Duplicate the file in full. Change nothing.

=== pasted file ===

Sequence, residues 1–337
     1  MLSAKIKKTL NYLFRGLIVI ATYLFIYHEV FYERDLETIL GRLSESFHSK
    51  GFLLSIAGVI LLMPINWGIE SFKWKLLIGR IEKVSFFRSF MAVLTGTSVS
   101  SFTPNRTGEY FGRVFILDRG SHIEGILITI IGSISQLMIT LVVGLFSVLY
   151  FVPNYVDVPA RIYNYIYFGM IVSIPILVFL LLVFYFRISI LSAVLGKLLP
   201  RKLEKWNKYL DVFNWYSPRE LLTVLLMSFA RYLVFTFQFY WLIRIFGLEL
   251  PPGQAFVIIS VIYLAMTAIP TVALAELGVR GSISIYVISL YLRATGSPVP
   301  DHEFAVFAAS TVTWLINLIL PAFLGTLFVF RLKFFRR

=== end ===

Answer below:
Sequence, residues 1–337
     1  MLSAKIKKTL NYLFRGLIVI ATYLFIYHEV FYERDLETIL GRLSESFHSK
    51  GFLLSIAGVI LLMPINWGIE SFKWKLLIGR IEKVSFFRSF MAVLTGTSVS
   101  SFTPNRTGEY FGRVFILDRG SHIEGILITI IGSISQLMIT LVVGLFSVLY
   151  FVPNYVDVPA RIYNYIYFGM IVSIPILVFL LLVFYFRISI LSAVLGKLLP
   201  RKLEKWNKYL DVFNWYSPRE LLTVLLMSFA RYLVFTFQFY WLIRIFGLEL
   251  PPGQAFVIIS VIYLAMTAIP TVALAELGVR GSISIYVISL YLRATGSPVP
   301  DHEFAVFAAS TVTWLINLIL PAFLGTLFVF RLKFFRR